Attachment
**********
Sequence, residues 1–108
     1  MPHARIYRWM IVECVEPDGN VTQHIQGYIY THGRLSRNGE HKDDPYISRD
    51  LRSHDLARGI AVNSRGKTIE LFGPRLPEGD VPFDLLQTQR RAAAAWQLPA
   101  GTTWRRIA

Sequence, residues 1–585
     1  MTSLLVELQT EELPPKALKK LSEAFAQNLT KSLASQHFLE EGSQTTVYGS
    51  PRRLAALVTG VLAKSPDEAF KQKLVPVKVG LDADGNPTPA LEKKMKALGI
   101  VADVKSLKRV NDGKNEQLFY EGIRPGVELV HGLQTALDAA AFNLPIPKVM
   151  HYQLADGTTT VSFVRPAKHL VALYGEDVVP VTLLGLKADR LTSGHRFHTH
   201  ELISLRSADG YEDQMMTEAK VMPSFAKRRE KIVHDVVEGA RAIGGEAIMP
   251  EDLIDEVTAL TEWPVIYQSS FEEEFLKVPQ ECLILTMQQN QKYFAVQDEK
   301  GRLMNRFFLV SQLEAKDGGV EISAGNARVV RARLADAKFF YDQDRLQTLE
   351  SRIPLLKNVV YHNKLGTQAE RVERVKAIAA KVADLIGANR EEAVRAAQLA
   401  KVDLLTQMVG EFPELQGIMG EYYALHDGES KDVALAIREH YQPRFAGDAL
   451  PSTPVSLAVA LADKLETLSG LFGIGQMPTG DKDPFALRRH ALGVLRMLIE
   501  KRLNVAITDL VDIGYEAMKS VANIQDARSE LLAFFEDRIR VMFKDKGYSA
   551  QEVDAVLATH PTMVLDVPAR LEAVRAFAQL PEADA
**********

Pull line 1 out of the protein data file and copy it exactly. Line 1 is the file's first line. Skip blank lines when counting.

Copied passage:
Sequence, residues 1–108